My Bona Fides as a Spoonie

What I love about the spoonie community is that no one asks you to prove anything. No fellow spoonie has ever asked me for my bona fides as a spoonie. We all understand how exhausting it is to have to constantly explain our physical and mental conditions. Being called on to perpetually justify your needs is insulting and dehumanizing. The term spoonie itself stems from an attempt to dumb it down for the benefit of those who have no experience with the way we need to live.

The default assumption in the ableist world is that you’re just lazy. You could do things if you wanted to. All you need to do is try a little harder. The secondary assumption is that you’re seeking attention, or sympathy, or special treatment. Yeah. Like putting in a ramp is “special treatment” for people that use a wheelchair.

When I talk about my particular issues, it’s not some sort of weird flex. It takes someone with a severe empathy gap to think that people with disabilities are lying, or trying to scam them. My goal is to educate people about the realities of chronic conditions and especially invisible illnesses. The only way to reduce a stigma is to stand up and refuse to be stigmatized.

My Bona Fides with Chronic Pain

I’ve stated before that I’ve been in pain every day of my life for over 40 years. This is the outcome of several different accidents, the first of which happened when I was a teenager. I am “lucky” to have a pronounced limp, so when people see me in motion it’s obvious that something’s off.

Even if it’s not my hip that’s bothering me, people rarely challenge that I’m experiencing some sort of discomfort. More often than not it’s actually my ankle (same leg) or shoulder (same side) that are bugging me. The hip doesn’t really hurt all that often any more; it just doesn’t work right.

My pain is “diagnosed” in that all of the injuries were treated at the time of occurrence. I have received various treatments for chronic pain, including physical therapy, steroids, bioelectric treatments, acupuncture, and massage. At every step I have refused medication, because I never wanted to become addicted to heavy painkillers. Currently I manage pain through diet, moderate exercise, meditation, and over-the-counter painkillers.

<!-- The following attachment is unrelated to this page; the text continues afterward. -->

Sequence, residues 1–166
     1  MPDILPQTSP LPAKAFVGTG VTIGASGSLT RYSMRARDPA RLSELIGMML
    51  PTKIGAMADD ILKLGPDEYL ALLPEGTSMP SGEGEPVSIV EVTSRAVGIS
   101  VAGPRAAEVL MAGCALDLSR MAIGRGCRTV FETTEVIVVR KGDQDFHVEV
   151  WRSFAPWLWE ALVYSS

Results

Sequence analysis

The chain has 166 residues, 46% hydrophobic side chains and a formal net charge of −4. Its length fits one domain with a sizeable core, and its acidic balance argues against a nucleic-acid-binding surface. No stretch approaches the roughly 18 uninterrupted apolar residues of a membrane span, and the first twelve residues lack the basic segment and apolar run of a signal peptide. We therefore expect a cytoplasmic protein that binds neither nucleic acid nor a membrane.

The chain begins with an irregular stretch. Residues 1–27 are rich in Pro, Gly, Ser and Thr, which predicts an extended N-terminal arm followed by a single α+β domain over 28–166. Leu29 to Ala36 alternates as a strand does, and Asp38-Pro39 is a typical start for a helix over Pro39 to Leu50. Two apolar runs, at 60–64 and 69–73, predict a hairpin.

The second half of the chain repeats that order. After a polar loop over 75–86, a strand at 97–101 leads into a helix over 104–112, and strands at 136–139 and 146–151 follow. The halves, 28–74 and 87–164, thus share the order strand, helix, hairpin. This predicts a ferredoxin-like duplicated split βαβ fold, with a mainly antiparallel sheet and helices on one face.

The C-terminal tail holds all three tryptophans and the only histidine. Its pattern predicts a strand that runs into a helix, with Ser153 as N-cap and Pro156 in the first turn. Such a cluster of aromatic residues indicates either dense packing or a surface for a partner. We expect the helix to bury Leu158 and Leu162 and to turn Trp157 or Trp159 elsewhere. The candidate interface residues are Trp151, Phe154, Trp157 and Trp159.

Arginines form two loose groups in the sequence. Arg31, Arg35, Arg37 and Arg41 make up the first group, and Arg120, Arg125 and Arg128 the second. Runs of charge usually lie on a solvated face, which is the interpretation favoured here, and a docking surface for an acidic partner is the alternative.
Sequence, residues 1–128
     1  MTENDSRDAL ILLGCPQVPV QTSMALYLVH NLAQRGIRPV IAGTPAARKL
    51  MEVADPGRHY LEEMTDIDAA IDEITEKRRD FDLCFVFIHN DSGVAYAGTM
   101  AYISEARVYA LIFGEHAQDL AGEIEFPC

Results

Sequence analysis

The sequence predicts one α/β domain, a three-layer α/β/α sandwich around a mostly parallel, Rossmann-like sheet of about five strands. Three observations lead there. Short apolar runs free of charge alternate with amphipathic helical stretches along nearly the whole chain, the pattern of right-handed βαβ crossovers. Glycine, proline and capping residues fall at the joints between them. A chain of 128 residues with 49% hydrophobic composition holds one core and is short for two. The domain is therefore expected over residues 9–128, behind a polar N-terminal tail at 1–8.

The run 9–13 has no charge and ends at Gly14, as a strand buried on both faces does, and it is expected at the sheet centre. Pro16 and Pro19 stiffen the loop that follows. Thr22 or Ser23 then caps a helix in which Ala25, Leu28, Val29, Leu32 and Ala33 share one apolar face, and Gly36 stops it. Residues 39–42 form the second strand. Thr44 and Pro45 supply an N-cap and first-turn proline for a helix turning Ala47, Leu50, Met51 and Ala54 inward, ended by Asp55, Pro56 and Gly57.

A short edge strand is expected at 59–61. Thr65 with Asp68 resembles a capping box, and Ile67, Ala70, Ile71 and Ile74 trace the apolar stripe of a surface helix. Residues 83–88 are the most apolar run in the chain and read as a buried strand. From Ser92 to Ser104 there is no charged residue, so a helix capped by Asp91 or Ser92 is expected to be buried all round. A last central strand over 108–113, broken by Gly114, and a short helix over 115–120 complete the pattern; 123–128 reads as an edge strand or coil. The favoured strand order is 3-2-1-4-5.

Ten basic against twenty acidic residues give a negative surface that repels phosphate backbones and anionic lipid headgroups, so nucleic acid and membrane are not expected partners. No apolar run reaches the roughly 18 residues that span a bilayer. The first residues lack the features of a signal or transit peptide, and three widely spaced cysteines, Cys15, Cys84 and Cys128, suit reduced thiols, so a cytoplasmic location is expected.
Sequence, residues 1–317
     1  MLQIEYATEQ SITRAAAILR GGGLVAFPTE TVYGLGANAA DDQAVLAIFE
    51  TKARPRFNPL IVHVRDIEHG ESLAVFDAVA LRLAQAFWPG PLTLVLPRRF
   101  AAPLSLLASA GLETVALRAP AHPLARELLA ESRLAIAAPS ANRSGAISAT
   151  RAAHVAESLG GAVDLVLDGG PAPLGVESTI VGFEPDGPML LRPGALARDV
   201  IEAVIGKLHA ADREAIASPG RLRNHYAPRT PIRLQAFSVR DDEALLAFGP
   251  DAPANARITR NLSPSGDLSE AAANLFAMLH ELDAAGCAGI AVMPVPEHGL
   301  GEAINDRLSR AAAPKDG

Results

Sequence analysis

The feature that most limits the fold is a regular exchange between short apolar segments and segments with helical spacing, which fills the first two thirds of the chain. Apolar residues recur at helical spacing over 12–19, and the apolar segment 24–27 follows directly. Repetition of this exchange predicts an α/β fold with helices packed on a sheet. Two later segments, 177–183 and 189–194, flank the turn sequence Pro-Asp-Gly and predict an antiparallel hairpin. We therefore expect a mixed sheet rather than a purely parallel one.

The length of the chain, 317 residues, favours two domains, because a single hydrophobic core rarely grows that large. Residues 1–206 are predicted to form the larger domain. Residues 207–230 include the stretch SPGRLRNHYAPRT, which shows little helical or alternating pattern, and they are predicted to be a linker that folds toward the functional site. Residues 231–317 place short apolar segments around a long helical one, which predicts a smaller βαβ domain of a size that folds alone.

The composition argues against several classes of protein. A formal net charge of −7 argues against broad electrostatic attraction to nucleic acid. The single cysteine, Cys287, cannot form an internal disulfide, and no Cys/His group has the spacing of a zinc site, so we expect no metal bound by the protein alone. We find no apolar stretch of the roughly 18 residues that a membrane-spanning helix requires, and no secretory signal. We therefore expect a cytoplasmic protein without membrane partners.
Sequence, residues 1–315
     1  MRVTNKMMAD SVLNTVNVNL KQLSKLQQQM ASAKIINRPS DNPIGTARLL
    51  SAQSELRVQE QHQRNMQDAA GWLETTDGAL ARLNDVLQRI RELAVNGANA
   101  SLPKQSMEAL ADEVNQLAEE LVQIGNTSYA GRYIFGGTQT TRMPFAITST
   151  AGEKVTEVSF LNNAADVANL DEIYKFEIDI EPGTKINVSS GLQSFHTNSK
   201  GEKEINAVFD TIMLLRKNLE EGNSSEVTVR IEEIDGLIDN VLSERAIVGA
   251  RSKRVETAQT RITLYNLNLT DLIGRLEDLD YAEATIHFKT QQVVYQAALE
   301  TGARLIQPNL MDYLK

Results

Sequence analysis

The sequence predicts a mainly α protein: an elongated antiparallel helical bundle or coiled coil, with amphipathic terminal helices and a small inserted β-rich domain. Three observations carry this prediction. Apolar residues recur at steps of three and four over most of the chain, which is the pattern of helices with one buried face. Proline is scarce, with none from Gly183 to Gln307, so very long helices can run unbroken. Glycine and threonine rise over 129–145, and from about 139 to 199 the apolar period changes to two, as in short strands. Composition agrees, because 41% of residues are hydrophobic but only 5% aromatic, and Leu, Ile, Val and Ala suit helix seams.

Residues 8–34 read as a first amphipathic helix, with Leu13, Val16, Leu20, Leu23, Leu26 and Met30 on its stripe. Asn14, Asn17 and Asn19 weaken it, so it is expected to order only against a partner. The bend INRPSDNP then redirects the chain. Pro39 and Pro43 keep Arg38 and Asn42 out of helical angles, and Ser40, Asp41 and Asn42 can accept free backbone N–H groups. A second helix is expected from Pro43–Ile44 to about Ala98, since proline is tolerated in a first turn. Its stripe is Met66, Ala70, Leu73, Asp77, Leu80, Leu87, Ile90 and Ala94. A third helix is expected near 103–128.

My Bona Fides with Mental Health

I have been diagnosed with generalized anxiety disorder (GAD) with accompanying panic disorder. The latter also comes with hypervigilance, which has led some doctors to speculate that I actually have undiagnosed PTSD. The GAD is also responsible for my executive function disorder (EFD), which basically means that when I’m stressed I exhibit symptoms similar to attention deficit hyperactivity disorder (ADHD), which also connects back to the hypervigilance.

The hypervigilance isn’t just an aversion to noises, or a sensitivity to too much stimulation. My brain actively seeks out signs of danger. I constantly scan the area visually. Crowds are hell because there’s too much motion. If it’s 2am and a flat two floors down on the other side of the building has their TV on, my brain strains to hear it more clearly. It’s more than a distraction, because a hypervigilant episode is often a precursor to a full-blown panic attack.

If you’ve never had a panic attack, it feels like you’re dying. That should be all I need to say there. It’s not pleasant.

The EFD is my current daily struggle. It affects working memory, planning, and problem solving. This is why I live out of a bullet journal, and why I consider the journal “base”. When in doubt, look at the list and do the next task. That keeps me moving forward and somewhat focused. I can keep knocking out rote tasks. It doesn’t help with creative work, though.

Diagnosis is a Tool, Not a Sentence

When your car gets a flat, you don’t abandon it and go get a new car. You change the tire. If your car is making a noise or the check engine light comes on, you go to a specialist so they can identify the problem. Then you figure out how to fix it.

That’s the bottom line to my life as a spoonie. If you can’t do this, you can still do that. When you’re not able to do a task this way, then you figure out how to do it that way. No one can do everything, but nearly everyone can do something. It’s just another set of resource limitations, like time and money, that you need to get creative and work around.

I don’t need to prove my bona fides as a spoonie. I do need to understand how my body and mind work, so I can use them as effectively as possible. Knowing that I only have so many spoons to work with in a day, I can plan and prioritize how I use my time.

My Bona Fides as a Spoonie

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About Simplify – Create – Thrive

This blog is dedicated to one basic principle: if you can simplify your life and dedicate time to create things, you will be able to thrive and find the health and happiness you seek.

About Berin Kinsman

Berin Kinsman is a writer, simple living minimalist, and spoonie. By day he works as the owner/publisher at Dancing Lights Press. An American by accident of birth, he currently lives in Finland with his wife, artist Katie Kinsman.

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1 Reply to “My Bona Fides as a Spoonie

  1. Absolutely. You don’t have to justify yourself to anyone… but you do sometimes have to make your needs known, especially if your disability is a hidden one. It’s nothing to be ashamed of, to ask for whatever it is that you need… but it does sometimes take real effort to speak up. Better to do so that to suffer in silence, though. If you need to sit, just ask for a chair. Sometimes it’s not the person you expect who responds, but almost always someone will step up and provide whatever you require. And if they don’t, shame on them not on you.

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